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Friday, 12 January, 2001, 00:44 GMT
'Sleepyhead gene' discovered
Bed BBC
Unable to get out of bed? It could be genetic
A gene which appears to play a role in controlling the "body clock" could explain why some people find it impossible to stay up late.

And a British expert is even suggesting that people who cannot get up in the morning might be genetically flawed rather than simply lazy.


These tend to be the people who are heavily dependent on caffeine or nicotine to keep them going

Professor Chris Idzikowski
Scientists from the University of Utah, in Salt Lake City, US, looked at patients suffering from Familial Advanced Sleep Phase Syndrome (FASPS).

While it is common for older people to doze off in the evenings and wake up at the crack of dawn, there are some younger people who share the problem.

They find it extremely difficult to alter their sleeping patterns for shift-working, and are often reliant on stimulants such as caffeine or nicotine to keep them awake until bedtime.

Wristwatch control

Otherwise, they would normally be asleep by 7pm and wide-awake by two in the morning. The Utah study examined the genetic make-up of these patients, with particular reference to genes that have an influence on the running of the brain's clock.

The researchers found one gene in particular, called hPer2, which appeared more likely to be mutated in patients with the condition. This is the first time that such a gene has been identified.

Professor Louis Ptacek, from the university, said: "A great many elderly people show these kinds of problems - and many adolescents have the opposite problem - in which insomnia prevents them from getting to sleep at a reasonable time.

"If we could shift our internal clock as easily as we could switch our wristwatches, we would adjust a lot better when we fly to Paris or London from Salt Lake City, for example."

Professor Chris Idzikowski, co-director of the Sleep Assessment and Advisory Service in Lisburn, Northern Ireland, said that the condition represented a real problem for those few who genuinely suffered from it.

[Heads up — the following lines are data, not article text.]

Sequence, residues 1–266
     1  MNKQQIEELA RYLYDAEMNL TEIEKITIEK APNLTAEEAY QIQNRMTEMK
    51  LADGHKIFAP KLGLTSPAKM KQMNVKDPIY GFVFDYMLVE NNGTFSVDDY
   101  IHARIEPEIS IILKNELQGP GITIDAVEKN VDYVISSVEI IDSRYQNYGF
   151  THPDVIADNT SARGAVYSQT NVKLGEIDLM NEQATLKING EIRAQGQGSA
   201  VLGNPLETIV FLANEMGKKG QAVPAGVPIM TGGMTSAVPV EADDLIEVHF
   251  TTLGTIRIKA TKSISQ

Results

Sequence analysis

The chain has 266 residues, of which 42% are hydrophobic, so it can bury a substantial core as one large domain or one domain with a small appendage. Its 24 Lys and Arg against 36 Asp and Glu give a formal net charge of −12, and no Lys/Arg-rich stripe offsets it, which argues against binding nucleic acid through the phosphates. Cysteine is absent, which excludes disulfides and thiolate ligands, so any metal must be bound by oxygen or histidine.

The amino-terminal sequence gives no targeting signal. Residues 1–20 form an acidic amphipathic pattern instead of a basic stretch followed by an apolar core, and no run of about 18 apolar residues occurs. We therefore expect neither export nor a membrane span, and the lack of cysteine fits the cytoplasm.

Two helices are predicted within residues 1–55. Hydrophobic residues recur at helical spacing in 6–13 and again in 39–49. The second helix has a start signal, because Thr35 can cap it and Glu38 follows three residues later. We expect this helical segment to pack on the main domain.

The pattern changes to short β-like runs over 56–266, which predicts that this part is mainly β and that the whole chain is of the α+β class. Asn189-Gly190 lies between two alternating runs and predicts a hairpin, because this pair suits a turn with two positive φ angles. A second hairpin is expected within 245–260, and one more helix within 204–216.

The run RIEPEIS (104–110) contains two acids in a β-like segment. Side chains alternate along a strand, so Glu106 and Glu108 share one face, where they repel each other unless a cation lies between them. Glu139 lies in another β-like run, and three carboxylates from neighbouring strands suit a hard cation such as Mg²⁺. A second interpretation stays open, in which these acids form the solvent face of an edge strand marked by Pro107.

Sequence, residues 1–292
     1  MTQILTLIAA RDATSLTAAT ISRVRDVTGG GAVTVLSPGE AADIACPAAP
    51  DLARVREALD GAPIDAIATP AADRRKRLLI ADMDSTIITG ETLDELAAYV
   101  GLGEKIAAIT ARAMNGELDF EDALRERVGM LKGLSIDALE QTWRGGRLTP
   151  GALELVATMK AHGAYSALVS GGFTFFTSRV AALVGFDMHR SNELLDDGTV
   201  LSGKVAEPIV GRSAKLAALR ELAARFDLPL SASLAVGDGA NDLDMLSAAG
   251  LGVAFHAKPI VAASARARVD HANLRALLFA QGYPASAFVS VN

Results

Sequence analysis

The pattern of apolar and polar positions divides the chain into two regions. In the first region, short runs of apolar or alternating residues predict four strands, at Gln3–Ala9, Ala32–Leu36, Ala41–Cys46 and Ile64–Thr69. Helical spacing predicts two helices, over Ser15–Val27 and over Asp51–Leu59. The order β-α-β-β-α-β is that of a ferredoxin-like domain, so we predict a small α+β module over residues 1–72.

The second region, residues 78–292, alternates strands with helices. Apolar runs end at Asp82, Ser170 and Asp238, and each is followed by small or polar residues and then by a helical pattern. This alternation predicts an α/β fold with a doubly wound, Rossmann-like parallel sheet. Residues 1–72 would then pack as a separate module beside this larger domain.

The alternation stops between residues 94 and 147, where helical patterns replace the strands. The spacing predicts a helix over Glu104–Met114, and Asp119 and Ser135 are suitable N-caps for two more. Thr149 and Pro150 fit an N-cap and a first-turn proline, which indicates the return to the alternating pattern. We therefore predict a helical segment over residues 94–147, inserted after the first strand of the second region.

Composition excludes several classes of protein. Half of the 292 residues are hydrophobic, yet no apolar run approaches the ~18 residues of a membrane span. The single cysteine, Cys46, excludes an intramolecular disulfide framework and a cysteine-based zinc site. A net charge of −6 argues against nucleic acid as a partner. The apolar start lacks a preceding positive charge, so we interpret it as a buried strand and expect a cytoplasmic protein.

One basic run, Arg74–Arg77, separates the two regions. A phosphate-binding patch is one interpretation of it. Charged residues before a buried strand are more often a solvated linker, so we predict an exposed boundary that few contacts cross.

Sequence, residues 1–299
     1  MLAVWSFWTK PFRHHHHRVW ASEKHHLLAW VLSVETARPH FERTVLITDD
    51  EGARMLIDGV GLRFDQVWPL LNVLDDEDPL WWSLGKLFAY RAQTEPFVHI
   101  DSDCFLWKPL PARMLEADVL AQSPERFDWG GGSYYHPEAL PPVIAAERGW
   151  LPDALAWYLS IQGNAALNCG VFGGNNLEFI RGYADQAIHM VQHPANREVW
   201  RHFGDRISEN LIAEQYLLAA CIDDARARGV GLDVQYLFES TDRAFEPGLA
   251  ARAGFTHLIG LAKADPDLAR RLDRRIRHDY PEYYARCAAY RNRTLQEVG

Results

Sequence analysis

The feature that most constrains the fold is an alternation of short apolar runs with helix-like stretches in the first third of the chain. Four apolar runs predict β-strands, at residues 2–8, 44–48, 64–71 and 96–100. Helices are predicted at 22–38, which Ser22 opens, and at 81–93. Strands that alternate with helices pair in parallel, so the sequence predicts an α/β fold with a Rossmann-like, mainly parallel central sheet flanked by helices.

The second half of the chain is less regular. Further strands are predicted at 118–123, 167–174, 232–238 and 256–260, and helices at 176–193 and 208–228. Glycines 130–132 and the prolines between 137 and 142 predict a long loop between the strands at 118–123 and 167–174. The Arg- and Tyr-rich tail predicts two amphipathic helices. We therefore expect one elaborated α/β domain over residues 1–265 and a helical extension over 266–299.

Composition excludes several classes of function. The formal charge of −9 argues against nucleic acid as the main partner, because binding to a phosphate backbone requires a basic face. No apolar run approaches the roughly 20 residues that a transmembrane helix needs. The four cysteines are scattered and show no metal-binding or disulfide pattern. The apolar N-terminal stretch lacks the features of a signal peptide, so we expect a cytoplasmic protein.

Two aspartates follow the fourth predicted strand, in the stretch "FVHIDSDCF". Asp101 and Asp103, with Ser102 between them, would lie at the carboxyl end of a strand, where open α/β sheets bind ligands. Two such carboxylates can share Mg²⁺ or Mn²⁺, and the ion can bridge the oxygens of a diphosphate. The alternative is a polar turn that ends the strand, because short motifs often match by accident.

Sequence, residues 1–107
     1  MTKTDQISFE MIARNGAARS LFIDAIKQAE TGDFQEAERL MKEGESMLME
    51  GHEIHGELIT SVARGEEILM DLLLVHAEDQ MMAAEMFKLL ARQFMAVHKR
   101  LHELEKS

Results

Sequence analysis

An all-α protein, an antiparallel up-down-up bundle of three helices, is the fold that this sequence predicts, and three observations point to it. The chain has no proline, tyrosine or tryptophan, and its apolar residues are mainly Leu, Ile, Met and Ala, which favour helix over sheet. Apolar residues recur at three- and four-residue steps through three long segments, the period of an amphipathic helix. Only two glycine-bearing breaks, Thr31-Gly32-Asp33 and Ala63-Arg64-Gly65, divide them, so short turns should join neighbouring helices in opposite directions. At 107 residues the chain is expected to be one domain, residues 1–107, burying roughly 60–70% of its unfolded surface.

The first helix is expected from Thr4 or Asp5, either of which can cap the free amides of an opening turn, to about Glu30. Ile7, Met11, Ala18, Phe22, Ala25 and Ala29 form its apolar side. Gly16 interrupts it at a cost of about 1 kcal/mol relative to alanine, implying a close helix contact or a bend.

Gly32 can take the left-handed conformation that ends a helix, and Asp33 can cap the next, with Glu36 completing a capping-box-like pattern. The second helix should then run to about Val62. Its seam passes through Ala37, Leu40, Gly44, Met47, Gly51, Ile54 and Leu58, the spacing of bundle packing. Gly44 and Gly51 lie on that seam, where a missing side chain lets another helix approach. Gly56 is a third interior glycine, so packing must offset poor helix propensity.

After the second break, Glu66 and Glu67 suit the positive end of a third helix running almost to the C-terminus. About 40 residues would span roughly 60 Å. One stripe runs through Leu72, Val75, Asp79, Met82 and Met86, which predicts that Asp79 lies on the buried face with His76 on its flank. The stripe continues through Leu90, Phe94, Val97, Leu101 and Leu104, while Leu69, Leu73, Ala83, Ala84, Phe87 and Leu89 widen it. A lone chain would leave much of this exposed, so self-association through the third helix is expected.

Psychiatric disorders

He said: "These tend to be the people who are heavily dependent on caffeine or nicotine to keep them going.

"It has a big effect on mood, and some are wrongly diagnosed with psychiatric disorders when really it is something physical the doctors should be looking for."

He said that overtiredness in the morning could well have a genetic component. The body clock is reset subtlety every day by a combination of dawn light and evening light. One speeds up the clock, while the other slows it down, producing a balance.

Those who miss out on the correcting influence of either of these tend to fall into a spiral in which the body clock gradually becomes more and more out of synch with daylight hours.

Sleep therapists correct the syndrome by forcing the advanced phase patients to stay up late and exposing them to bright light around 0230 AM - helping to "manually" reset the clock.

However, Professor Idzikowski believes that people with these gene mutations may actually be part of a natural genetic spread in the human race which could be beneficial to society.

He said: "It is quite useful to have some people who can be fully awake at times when everyone else is fast asleep."

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See also:

10 Feb 00 | Health
Brain 'battles sleep deprivation'
15 Aug 00 | Health
Sleep linked to ageing
13 Jul 00 | Health
Body clock 'set before birth'
19 Jul 00 | Health
Sleep 'vital to update memory'
26 Apr 00 | Health
'Hormonal battle' controls sleep
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